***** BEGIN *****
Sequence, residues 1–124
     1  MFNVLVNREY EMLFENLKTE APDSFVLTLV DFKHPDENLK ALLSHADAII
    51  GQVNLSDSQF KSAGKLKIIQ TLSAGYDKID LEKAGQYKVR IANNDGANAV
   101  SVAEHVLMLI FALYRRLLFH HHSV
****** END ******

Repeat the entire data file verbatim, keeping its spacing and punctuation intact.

Sequence, residues 1–124
     1  MFNVLVNREY EMLFENLKTE APDSFVLTLV DFKHPDENLK ALLSHADAII
    51  GQVNLSDSQF KSAGKLKIIQ TLSAGYDKID LEKAGQYKVR IANNDGANAV
   101  SVAEHVLMLI FALYRRLLFH HHSV